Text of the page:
Alphen, Netherlands. 13 May. The Eastern Partnership is an attempt by the EU to enhance stability on the EU’s borders by assisting Armenia, Azerbaijan, Georgia, Moldova, Ukraine and Belarus in the areas of prosperity, trade, travel, anti-corruption and the just rule of law. Last week I attended and spoke at a fascinating conference in beautiful Budapest at the Central European University entitled “Eastern Partnership and its Prospects”, which had been jointly organised by my good friend Imants Lietgis, the former Latvian Defence Minister and Latvian Ambassador to Hungary. At the same time I enjoyed real Hungarian goulash soup for the first time and heartily recommend it. Goulash soup basically involves lumps of meat floating around in a clear broth.
Regular followers of my strato-dump know that the focus is all matters strategic. For much of the time that involves things that go bang and which burn huge amounts of tax-payers money normally far away and very usually very rapidly. Important though armed forces are they are not the real stuff of ‘strategy’. The real stuff (or should that be “The Right Stuff”) is the kind of engagement for which the Eastern Partnership was designed back in May 2009 when it was launched in Prague.
The Eastern Partnership goes right to the very heart of the community concept of international relations the EU pioneered and reflects and built on a fundamental principle of self-determination and the right of free, sovereign people to make free sovereign choices. All well and good? Well, no actually. There are three main problems with the Eastern Partnership and they can be thus summarised; Russia, the Eastern Partners, and EU member-states.
Let me deal with Russia first. All six of the Eastern Partners sit in and around Russia’s western and southern borders. At the heart of Russia’s current grumpiness is a fundamental clash of ideals. Whereas the EU seeks to support partners in the belief that whether or not a state is an EU member, aspirant or partner all European states should be part of a community of states in which standards of governance, rule of law and development are aspired to collectively. Moscow rejects this idea of community, believing instead that all the Eastern Partners, as former members of the Soviet Union, are firmly in Russia’s sphere of influence and should stay that way. Now, Moscow has created the Eurasian Economic Union to at least give a fig-leaf of legitimacy to its power ambitions, but Russia’s credo is essentially one of power does as power will – Realpolitik.
And then there are the Eastern Partners. Armenia and Azerbaijan are on the verge of war over Nagorno-Karabakh. Georgia has a large Russia military presence on its territory and fought and lost a war with Russia in August 2008. Moldova faces immense challenges from corruption and the proximity of serious criminals to government, Ukraine is being dismembered by the Russians at present (still) and Kiev itself is doing nothing like enough to combat the endemic corruption, and Belarus is well Belarus; a one-man, one-vote, once dictatorship. All six face huge problems and all six seem unwilling to do much about them.
And then there is the EU and its member-states. During the conference I suggested that in parallel with the Eastern Partnership the EU needed a Western Partnership. Attend any meeting in Central and Eastern Europe and one thing rapidly becomes apparent – the conflict-crushing soul of the EU, the very reason for which it was created, has moved east since the fall of the Berlin Wall. Western Europe is tired and sees itself as broke and has little or no appetite for the kind of grand stabilisation implicit in the Eastern Partnership.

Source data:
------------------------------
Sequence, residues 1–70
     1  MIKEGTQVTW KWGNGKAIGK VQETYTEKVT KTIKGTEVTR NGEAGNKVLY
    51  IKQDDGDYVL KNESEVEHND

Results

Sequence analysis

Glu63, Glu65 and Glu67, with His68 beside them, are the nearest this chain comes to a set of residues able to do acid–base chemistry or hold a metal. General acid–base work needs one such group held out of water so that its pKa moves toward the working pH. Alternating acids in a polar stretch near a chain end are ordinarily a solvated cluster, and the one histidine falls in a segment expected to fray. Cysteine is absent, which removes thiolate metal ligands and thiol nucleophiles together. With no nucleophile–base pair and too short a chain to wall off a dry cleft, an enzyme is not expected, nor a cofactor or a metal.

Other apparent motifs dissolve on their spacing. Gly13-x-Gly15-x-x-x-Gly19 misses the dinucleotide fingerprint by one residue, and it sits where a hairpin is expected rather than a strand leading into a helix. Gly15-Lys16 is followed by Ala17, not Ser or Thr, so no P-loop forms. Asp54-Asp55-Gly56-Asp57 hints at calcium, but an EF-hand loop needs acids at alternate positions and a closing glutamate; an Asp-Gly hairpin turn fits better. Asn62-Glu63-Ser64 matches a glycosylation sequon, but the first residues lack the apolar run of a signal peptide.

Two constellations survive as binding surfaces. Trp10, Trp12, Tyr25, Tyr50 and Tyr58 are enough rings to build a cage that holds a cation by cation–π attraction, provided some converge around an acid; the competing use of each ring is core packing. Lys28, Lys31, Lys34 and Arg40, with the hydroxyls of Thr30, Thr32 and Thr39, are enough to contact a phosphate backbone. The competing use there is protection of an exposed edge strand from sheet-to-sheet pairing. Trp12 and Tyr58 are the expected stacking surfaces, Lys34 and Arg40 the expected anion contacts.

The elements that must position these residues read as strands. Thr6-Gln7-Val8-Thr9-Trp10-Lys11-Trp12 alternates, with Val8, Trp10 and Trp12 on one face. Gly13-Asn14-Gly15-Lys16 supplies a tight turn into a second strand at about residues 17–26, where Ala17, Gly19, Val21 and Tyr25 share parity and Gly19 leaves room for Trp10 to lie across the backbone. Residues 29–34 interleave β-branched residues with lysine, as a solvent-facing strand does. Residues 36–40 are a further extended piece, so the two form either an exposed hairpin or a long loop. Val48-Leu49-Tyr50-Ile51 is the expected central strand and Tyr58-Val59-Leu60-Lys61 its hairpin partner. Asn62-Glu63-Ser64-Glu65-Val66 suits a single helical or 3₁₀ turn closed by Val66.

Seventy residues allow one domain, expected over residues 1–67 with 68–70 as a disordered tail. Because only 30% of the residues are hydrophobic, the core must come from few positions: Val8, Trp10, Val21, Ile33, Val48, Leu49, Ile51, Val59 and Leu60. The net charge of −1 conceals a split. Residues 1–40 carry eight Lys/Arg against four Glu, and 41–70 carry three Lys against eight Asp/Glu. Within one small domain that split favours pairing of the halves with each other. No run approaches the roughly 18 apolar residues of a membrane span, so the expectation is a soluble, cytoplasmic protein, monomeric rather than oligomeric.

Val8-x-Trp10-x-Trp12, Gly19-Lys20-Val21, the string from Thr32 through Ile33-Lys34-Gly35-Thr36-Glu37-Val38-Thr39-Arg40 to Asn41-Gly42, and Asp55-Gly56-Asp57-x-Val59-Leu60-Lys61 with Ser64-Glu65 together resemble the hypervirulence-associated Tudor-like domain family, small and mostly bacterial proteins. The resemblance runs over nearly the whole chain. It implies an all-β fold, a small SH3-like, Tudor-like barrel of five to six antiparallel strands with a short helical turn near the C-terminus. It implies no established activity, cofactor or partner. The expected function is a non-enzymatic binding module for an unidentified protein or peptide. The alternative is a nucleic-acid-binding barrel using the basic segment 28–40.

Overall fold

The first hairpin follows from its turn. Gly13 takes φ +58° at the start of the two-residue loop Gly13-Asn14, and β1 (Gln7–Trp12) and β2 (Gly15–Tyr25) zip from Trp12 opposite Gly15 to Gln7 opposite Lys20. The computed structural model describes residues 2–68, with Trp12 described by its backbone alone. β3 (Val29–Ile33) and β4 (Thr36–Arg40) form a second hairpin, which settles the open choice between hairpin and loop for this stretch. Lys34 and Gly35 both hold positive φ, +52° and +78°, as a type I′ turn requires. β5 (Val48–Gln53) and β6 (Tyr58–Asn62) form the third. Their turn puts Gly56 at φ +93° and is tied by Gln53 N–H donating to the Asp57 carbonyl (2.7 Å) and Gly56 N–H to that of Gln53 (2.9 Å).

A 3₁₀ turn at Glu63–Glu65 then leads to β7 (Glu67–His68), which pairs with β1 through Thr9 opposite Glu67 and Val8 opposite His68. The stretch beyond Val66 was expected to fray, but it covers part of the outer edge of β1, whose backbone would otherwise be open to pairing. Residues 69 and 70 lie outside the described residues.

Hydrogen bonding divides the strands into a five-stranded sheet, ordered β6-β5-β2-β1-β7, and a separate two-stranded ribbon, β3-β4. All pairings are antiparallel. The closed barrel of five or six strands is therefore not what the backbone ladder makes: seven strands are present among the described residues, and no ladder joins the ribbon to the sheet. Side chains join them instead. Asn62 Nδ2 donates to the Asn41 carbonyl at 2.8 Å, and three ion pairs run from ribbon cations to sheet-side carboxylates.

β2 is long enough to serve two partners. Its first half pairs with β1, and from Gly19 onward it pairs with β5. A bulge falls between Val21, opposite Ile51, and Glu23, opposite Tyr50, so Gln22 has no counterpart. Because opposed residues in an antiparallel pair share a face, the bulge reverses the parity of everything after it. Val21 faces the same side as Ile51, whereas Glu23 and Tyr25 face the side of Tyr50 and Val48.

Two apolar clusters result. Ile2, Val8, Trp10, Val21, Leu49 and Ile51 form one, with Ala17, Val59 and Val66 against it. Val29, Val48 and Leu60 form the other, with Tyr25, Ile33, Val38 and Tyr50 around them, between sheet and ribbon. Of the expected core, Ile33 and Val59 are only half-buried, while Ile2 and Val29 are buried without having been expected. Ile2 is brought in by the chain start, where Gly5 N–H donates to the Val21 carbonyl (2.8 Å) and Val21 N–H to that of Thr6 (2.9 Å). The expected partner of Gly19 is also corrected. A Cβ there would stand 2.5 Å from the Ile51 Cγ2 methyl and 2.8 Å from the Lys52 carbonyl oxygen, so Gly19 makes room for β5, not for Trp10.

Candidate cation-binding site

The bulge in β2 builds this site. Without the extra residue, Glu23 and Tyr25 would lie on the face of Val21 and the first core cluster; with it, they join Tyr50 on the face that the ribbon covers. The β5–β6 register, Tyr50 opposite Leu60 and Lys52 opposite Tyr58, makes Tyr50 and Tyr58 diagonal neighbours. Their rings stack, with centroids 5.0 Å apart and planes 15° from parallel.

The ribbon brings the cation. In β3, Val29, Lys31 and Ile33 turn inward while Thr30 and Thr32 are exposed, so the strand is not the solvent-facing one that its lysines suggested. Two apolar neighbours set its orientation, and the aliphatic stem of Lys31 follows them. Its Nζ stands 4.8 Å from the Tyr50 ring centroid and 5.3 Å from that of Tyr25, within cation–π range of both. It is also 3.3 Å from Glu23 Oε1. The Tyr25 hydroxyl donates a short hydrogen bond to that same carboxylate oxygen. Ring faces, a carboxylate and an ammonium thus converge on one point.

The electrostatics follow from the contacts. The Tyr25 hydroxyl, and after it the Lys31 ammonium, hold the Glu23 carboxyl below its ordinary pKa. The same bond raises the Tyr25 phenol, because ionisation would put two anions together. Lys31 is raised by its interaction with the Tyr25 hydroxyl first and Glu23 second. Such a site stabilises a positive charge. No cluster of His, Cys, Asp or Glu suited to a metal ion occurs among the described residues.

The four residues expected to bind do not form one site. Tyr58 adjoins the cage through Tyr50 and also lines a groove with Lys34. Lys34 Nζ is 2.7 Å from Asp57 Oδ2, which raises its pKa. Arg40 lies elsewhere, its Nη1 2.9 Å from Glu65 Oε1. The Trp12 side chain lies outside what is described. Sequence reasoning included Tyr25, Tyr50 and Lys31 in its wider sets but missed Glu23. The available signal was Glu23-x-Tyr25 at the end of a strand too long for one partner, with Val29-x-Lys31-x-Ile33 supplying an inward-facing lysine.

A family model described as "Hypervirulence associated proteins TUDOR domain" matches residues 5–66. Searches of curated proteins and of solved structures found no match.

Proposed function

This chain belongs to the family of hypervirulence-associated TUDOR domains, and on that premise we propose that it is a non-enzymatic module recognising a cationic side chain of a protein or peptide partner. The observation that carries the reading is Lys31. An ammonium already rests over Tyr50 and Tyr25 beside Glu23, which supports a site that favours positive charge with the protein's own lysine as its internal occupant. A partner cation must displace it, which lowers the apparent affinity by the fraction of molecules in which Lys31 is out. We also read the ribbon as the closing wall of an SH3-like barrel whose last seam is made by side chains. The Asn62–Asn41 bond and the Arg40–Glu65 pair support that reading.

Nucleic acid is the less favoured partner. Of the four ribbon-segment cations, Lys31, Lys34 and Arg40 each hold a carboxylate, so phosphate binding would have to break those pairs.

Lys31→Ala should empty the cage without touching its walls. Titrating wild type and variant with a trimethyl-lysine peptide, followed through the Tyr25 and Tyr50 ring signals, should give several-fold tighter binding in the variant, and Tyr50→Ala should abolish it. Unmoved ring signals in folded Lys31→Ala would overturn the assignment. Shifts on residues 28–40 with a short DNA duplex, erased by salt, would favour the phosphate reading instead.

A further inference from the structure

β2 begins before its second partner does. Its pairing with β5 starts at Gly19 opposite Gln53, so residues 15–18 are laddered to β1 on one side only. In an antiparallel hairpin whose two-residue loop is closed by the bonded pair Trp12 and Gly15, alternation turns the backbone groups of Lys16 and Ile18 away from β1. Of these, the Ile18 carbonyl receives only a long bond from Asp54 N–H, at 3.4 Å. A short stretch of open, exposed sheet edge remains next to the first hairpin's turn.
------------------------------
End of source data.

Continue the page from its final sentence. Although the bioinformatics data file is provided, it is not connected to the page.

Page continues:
However, the central and eastern Europeans do not exactly inspire confidence in the fulfilment of a Partnership that was in many ways their own creation. During the conference I also suggested that now is the time for them to lead and the Eastern Partnership is precisely the issue on which to lead. Sadly, my idea crashed and burned amid the petty splits and divisions between the Central and Eastern Europeans that were all too plain to see at the conference.
So, the Eastern Partnership has become the strategic equivalent of goulash soup – a few meaty bits floating in a sea of political indifference - big vision, little or no political substance. In other words yet another of those grand strategic EU initiatives that do make strategic sense, launched at an expensive summit, but which are then routinely undermined by politics, a lack of resolve and an absence of cash.
This is a real shame because at heart the Eastern Partnership offers a real alternative to the power cynicism of Moscow which if unchecked will in time spread like a contagion across much of Central and Eastern Europe. So, in spite of the forthcoming Riga summit the Eastern Partnership looks like becoming yet another strategic EU initiative that raises hope only for it to be dashed on the rocky shores of Europe’s own political cynicism.
Make no mistake the Eastern Partnership is the twenty-first century equivalent of the European Coal and Steel Community that way back in 1950 began the long road to post-war European reconciliation and hope. It also sits the front-line between hope and cynicism.
It was an honour to attend and to learn. The soup was good too.